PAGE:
Arrival in the Mara!
UPDATE!! (29 June 2011) We are fundraising CHICKENS for our Maasai family. We want to give them 500 chickens so they can sell the eggs for about $50/day … which means their entire village has enough income to survive on. Pretty good investment, at just $6/chicken. How many can you give?? Please PayPal your chicken money to firstname.lastname@example.org before the 4th of July holiday so that we can get to 500 and get our new family sustainable!!! Thanks!! Â Â – Jason & April
So yesterday was a dream, right? I mean … where else does one stay in a colonial mansion with amazing people, incredible service (like hot water bottles to warm our feet in bed), umm … and giraffes which come to the door to eat? Well … if yesterday felt like a dream, today even more so.
We experienced more giraffe heaven, feeding them at the door and out the window for breakfast. We enjoyed more incredible food … and we generally loved every moment at Giraffe Manor. There were so many fantastic pictures they won’t all fit in the text here … check them out below in the gallery.
With sadness, we left Giraffe Manor, promising ourselves that we somehow need to find a way to come back here … even if it was the most expensive (by far!!) place on The Wedding World Tour. We left to the David Sheldrick Elephant Orphanage, where we giggled as we watched a bunch of baby elephants get filthy dirty and play in the mud. Oh, the joys of childhood!
The Kenyan school children, dressed colorfully, loved it was well.
And then … it was off to the airport, where we finally met Charles of Maridadi Safari, who was our amazing travel agent in coordinating many of the difficult details of a Maasai wedding. Many thanks, Charles!!!
We boarded an 18-seat Otter twin-engine bush plane. We flew low, and it was amazing to see Maasai villages as small circle below, and to see the left half of the Mara completely dry, and a massive storm off the right hand side of the plain, with flooding clearly evident … realizing that “we weren’t in Kansas anymore” … and quite literally anything could happen out here. As we landed, we saw a Maasai (and a TV crew from Kenya Broadcasting Corp) awaiting our plane … our excitement level jumped: was this Sammy, our kind and generous email friend whom we had been indirectly communicating with this whole time?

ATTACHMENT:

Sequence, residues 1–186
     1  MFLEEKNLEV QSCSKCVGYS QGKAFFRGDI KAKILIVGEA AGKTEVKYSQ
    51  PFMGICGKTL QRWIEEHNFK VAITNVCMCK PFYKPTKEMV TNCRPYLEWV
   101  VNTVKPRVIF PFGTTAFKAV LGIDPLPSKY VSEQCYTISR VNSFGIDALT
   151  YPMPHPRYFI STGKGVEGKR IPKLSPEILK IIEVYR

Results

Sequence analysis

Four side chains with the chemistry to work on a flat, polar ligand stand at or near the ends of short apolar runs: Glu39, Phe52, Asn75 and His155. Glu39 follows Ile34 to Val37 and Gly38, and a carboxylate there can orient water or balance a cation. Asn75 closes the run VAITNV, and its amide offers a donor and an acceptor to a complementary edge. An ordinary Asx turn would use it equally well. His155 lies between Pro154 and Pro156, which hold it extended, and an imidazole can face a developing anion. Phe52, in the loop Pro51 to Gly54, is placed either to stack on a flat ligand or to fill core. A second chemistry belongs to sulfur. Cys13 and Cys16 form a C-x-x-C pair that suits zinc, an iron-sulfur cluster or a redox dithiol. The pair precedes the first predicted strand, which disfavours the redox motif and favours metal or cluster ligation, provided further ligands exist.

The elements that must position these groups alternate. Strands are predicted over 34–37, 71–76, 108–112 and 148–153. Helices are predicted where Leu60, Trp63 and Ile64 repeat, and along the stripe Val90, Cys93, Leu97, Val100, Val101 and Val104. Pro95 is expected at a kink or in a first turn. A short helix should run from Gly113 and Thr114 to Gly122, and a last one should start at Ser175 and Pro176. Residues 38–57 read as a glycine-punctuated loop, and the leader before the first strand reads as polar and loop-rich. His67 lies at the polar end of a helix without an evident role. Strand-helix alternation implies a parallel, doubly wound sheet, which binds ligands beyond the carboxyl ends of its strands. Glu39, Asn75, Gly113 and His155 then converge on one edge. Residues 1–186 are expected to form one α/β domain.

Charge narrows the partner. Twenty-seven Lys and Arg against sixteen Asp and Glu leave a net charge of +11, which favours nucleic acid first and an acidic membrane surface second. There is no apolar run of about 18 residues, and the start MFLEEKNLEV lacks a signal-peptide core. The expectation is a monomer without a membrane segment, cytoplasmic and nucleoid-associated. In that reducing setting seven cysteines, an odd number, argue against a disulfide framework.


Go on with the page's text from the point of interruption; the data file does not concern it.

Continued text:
As we greeted him, we instantly saw that he was an intriguing mix of modern and Maasai. A large silver watch and a cell phone merged with his traditional Maasai attire. “Call me Sekerot,” he said as the plane roared up the dirt runway and off to it’s next destination.
We took a 2 hour game drive en route to Leganishu, the Maasai village which was soon to become our adoptive home in Africa. (In fact, we loved it so much and want all of our friends and family to travel there … so we built a website! We urge you to visit … it’s incredible!)
In those couple of hours, we saw wildlife that’s just incomprehensible to see wandering around in the States. Rainbow colored birds near wandering elephants next to sleeping lions … it’s all just normal in the Maasai Mara. And yet, it feels like it’s 1,000 years ago and humankind hasn’t overrun everything yet.
We arrived far too late at our village, and the surprise of being met by various villages was somewhat ruined as much of our greeting party needed to go back to their own villages.
We were surprised at how nice our accommodations were. We truly had no idea what to expect, and for that reason we kept our stay there short … which in retrospect, was a big mistake. Our manyatta (hut) was clean, had hot water and a standard toilet (!!), and we ate tasty and safe food.
We spent much of our time in the center communal hut, where we met our new Â family members. At one point,Â I was asked to try on my Maasai clothing … and received a message: â€œJason, your father would like to speak with you.â€ As this usually foretells a scolding, I was a bit nervous to see â€œBabaâ€ (papa) Ole Mpetti, my newly adoptive father.
I was brought into the tribal hall area, and several elders sat, swatting flies with their ceremonial whisks, looking sternly at me. I sat, and he looked intently in my eyes. After a burst of Maa — completely incomprehensible to me — and I awaited the translation of this deep, serious piece of advice.
“You must always feed your wife, so that she does not starve,” came the translation. Hmmm … not exactly what I was expecting … however, as both an indicator of cultural differences and as a metaphor, this has given me pause for thoughts many times since.
I learned further that â€œA man is not a man without a wife. And a man is not whole without children.â€ It was impactful, heartfelt, and honest … and I donâ€™t feel that there’s any equivalent in our culture.
This was followed by dancing and singing from Aprilâ€™s newly adopted â€œbrothersâ€ from her neighboring village. (April didnâ€™t have any â€œofficialâ€ duties that night.) Â At all times I was accompanied by my best man, new brother, translator and planner of this entire wedding: Samuel Sekerot Ole Mpetti. He guided me through the rituals, and helped me at every turn. It wouldâ€™ve literally been impossible to experience a Maasai event such as this without him — and as I learned later, this was the only non-Maasai wedding that any of them could remember in the past 15 years.
We headed to bed, our heads reeling with an intense day, my stomach churning, and a large spider guarding our toilet all night … curious and ready for our Maasai wedding to come…